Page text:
Esports Team Hosts Tryouts

The+esports+team+hosts+their+first+meeting+and+anticipates+the+activities+that+will+come+later+in+the+year.+

Photo courtesy of Klein Esports.

The esports team hosts their first meeting and anticipates the activities that will come later in the year.

Emily Hickman, Staff Writer

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With judges listening in, 22 players demonstrate their skill and teamwork in hopes of securing one of the 15 limited spots of the three Klein esports teams. On Jan. 7, the esports club began their team tryouts for Valorant, one of the main games the club frequently plays. 

Esports involves teams that play video games competitively in a sports environment either for money or for the improvement of skill and the game. 

In the world of esports, the tryouts are held differently than most clubs, as the tryouts took place online at the individual player’s homes. The teams would sign up for a timeslot between 7 p.m. and 10 p.m. and in their teams of five, would join a voice call with the judges. 

“The judges would sometimes join [the call] to see how they were communicating with each other, because in Valorant, communication with your team is really important,” esports Reporter Ansley Brown said. “We would judge them based off of how they were communicating and also based off of the characters that they would play.” 

In a team game like Valorant, it is important that a player knows how to make their character’s abilities work well with other characters to optimize performance. Because of this, there needs to be a balance in the number and the types of specialized characters on each team.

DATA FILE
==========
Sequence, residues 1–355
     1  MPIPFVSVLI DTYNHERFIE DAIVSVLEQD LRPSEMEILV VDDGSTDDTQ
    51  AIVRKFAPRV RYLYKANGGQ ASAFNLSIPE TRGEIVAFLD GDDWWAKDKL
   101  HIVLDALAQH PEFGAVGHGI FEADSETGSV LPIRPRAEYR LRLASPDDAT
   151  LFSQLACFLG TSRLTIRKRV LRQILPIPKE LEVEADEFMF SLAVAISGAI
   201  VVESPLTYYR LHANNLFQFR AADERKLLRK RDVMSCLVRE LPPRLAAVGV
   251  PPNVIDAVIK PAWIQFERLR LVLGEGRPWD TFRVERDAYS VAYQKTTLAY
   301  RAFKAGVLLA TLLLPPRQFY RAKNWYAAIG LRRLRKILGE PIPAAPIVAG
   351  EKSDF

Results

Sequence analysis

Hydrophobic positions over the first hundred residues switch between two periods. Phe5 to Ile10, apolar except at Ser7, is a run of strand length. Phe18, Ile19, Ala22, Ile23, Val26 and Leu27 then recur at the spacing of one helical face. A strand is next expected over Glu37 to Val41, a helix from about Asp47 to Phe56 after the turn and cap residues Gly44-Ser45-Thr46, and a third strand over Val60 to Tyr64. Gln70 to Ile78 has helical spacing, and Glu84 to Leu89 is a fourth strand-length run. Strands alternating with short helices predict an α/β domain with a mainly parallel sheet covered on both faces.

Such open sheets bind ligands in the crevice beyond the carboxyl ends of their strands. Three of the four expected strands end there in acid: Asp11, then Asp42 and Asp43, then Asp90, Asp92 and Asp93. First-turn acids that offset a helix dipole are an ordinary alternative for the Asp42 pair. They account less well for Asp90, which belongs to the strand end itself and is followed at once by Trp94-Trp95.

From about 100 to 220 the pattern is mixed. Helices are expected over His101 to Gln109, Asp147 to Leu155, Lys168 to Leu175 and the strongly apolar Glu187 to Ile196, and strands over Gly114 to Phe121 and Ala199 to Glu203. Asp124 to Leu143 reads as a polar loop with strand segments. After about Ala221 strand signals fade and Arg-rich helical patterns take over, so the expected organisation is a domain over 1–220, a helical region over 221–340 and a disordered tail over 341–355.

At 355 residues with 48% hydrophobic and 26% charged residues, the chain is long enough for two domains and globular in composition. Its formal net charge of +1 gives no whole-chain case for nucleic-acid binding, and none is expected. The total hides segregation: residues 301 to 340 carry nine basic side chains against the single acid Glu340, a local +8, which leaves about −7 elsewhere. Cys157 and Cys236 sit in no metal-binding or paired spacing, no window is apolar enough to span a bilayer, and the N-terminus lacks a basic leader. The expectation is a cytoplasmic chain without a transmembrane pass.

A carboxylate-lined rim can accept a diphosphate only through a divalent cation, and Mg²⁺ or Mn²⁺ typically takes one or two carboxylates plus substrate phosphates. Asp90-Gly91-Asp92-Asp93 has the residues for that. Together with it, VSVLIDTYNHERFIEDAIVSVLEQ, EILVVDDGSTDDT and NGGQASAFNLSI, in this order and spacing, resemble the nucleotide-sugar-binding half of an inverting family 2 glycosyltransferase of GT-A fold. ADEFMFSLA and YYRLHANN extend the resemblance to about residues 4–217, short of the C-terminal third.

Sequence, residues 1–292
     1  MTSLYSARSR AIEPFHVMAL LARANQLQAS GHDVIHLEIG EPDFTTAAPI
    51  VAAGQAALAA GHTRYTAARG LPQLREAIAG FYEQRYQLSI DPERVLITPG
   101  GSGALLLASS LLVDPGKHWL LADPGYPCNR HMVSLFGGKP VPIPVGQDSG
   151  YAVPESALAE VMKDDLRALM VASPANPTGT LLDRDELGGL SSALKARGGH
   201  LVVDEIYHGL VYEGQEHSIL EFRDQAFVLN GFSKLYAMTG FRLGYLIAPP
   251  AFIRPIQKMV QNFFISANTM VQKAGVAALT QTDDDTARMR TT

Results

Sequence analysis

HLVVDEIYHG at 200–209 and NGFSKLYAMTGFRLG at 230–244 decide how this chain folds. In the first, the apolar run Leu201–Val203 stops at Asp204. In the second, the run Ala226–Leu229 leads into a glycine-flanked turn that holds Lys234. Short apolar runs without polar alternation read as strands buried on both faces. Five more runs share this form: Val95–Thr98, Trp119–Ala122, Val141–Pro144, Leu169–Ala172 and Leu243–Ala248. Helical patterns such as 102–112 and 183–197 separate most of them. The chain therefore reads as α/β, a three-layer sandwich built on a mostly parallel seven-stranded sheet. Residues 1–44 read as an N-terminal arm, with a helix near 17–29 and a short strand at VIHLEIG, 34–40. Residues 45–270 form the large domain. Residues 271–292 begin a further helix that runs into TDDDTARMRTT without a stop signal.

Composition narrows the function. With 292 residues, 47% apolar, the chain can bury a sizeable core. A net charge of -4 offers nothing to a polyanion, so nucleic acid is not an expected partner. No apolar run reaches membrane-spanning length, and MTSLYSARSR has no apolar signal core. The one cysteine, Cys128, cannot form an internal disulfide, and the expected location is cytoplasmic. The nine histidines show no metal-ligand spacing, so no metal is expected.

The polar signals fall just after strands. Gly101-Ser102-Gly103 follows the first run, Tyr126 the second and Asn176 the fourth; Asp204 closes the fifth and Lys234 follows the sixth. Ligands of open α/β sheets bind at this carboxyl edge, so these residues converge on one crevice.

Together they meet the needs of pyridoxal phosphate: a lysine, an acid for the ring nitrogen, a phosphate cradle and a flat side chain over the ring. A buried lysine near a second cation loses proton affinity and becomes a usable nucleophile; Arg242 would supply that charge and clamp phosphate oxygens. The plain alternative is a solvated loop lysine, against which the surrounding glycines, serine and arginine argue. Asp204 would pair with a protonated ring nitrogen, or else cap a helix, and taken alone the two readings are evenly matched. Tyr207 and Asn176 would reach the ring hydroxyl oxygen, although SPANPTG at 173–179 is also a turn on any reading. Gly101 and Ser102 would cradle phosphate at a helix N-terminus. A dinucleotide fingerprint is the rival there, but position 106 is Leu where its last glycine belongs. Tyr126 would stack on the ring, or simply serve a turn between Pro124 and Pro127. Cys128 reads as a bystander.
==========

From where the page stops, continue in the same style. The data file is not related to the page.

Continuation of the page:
“Valorant is part of a genre where you have different characters who are intentionally designed to fill specific roles in a team,” esports President Alfred Atkinson said. “They’re organized on how well teams would work together, and how well people are fulfilling roles.”

In total, the esports club had three different Valorant teams that players were trying to get into. These include the Gold team, the highest ranked team, the Blue team, the second highest ranked team, and the White team, which is the third highest ranked team. 

“Deciding the gold team was easy, but deciding the blue and white team was the hard part,” Brown said. “We actually had a second round on Saturday, the day after, for the blue and white team. We made a rough draft [of the teams], and we made them play against each other to see if they worked well with the team that we had made for them. I think a few people did get changed around, but after the second round, it was more clear who needed to be on which team.”

With the success of the Valorant tryouts, the club hopes to create teams for other games, including Overwatch and Super Small Brothers Ultimate in the future. With these teams, the club’s goal is to show what they’re truly capable of despite their weaknesses.

“I would eventually like to get to the point where we can have teams that really do strive to just win things and not sort of be in it for the social aspect because for me, the biggest part about esports is just that journey of self improvement,” Atkinson said. “I think having this club be a possible medium for people to explore, that would be really great. That’d be my dream for this club.”